According to unicef, everyday, nearly 1,000 children die from the lack of clean drinking water. One thousand children. Every. Single. Day. That’s a child dying every minute and half. That’s roughly the population of Tampa, Florida dying every year, due to something as correctable as the lack of clean drinking water. The human body is 60% water. The surface of the earth 71% covered by water. We’ve all seen the videos of why one should never attempt to drive through standing water.
We are well aware of the need for access to clean water in our lives, but I’m guessing that many of us take that access for granted. I know that I often do. I’ve never lived in a drought plagued place like California, north Alabama, or Sub-Saharan Africa. When I turn on the tap, cold, clean water comes out. It wasn’t until the Student Body President at VTS in 2004-05 mentioned it that I had ever even considered that on a daily basis I have the privilege of using clean drinking water to take a shower.
Two of our lessons for Lent 3 would remind us to not take water for granted. They are both stories of the power of water, not to sweep away a car in a flood, but to culturally and, more importantly, as a source of life, a gift from God. At Christ Church this week, we will hear these lessons in the context of a homily from Steve Young, not that one, the Executive Director of Living Waters for the World, Steve Young. He will share with us the work that his team, of which Christ Church will soon be included, is doing to bring access to clean water to the remotest of places.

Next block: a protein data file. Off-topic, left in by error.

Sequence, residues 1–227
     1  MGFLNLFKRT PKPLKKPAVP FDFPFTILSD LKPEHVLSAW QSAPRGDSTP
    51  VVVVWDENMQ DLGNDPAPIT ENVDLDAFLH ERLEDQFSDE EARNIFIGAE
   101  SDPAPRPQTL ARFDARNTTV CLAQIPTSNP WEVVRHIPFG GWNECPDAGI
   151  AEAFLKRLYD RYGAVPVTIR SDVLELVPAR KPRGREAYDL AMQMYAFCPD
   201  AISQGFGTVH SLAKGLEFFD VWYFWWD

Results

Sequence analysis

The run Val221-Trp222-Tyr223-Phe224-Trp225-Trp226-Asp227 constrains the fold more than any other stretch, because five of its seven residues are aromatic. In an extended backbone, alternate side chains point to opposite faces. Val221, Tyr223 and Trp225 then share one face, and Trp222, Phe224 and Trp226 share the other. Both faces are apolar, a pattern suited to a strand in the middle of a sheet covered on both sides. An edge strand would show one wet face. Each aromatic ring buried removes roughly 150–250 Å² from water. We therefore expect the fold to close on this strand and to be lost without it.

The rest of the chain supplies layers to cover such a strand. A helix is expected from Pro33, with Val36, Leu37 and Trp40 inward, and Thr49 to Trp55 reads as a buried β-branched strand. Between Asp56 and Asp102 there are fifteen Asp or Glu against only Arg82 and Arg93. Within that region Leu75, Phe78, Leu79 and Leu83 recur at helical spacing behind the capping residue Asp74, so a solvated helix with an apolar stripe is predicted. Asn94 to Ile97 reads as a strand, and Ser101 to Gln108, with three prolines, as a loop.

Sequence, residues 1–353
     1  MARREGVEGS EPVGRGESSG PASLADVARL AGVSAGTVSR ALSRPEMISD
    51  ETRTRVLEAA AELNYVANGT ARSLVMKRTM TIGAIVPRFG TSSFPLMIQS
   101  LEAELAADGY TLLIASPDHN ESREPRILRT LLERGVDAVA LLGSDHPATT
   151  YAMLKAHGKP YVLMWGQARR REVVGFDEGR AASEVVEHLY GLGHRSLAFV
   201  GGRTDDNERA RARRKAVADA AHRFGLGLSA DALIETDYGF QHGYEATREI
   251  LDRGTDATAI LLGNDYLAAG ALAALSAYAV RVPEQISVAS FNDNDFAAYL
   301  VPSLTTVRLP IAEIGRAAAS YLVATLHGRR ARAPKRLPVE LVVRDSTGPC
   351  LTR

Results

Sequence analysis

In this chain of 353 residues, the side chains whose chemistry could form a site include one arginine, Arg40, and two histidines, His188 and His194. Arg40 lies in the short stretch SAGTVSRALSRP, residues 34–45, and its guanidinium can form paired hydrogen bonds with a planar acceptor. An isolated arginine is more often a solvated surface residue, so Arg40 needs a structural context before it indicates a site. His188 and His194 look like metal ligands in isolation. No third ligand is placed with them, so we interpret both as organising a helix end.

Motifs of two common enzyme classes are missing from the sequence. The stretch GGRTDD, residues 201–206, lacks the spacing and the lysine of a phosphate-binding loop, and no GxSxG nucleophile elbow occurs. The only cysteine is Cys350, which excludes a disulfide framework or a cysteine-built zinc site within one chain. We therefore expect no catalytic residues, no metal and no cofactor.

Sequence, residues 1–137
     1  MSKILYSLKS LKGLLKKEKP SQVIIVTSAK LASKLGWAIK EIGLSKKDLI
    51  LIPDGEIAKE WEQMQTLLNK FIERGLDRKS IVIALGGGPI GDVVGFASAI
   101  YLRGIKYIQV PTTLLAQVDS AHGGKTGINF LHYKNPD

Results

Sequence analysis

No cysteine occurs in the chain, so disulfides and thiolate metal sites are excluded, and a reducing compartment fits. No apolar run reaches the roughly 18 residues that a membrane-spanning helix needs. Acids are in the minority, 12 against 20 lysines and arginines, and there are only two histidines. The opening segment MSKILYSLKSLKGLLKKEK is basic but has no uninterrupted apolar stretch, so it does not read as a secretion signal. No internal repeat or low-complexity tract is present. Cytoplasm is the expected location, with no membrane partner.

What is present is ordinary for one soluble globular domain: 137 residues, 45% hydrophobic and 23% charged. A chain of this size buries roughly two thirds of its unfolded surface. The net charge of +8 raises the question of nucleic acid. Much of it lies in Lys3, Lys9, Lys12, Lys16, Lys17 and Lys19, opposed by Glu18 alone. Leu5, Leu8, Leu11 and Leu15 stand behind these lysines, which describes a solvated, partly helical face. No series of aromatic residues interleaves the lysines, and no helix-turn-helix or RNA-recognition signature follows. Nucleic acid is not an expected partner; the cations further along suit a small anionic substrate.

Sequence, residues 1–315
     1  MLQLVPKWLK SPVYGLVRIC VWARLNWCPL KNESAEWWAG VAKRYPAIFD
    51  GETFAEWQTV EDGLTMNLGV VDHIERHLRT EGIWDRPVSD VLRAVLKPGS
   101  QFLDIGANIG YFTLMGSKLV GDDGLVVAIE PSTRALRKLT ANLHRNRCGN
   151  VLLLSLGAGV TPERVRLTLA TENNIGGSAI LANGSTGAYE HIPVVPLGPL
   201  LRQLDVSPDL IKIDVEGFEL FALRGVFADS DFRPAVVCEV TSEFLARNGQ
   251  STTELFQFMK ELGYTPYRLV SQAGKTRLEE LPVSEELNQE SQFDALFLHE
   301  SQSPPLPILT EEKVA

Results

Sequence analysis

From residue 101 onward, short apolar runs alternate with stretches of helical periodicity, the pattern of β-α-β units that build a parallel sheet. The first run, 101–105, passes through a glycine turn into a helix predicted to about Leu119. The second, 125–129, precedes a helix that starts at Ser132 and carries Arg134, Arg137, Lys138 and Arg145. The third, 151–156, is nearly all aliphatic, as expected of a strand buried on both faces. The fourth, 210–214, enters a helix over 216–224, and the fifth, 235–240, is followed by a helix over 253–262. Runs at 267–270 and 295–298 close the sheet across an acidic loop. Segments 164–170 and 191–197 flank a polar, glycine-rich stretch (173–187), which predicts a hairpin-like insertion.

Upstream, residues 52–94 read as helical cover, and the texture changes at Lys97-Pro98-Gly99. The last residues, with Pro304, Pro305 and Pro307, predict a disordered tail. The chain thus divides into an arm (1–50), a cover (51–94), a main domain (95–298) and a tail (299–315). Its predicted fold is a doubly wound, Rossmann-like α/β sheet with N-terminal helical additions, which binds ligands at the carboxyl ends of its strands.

Their foundational text is the story of Jesus meeting the woman at Jacob’s Well. In that story we hear not only that even Jesus needed water, but the power of the well socially, as this woman who had been married several times and was now living with a man who was not her husband, was forced to wait until the heat of midday to draw water. Jesus turns that hurt right-side up, meeting here there, at noon, and engaging her in conversation. He turns the concrete reality of water into a spiritual thirst for living water, and shows her and her whole town that thirst is not merely a physical desire, but it is at the core of who we are as created beings.
I’m struck by the power of water today, and I give thanks that I so rarely have to think about my own access to it even as I grieve that so many don’t have access to clean water to drink, let alone to spend 10-15 minutes showing in.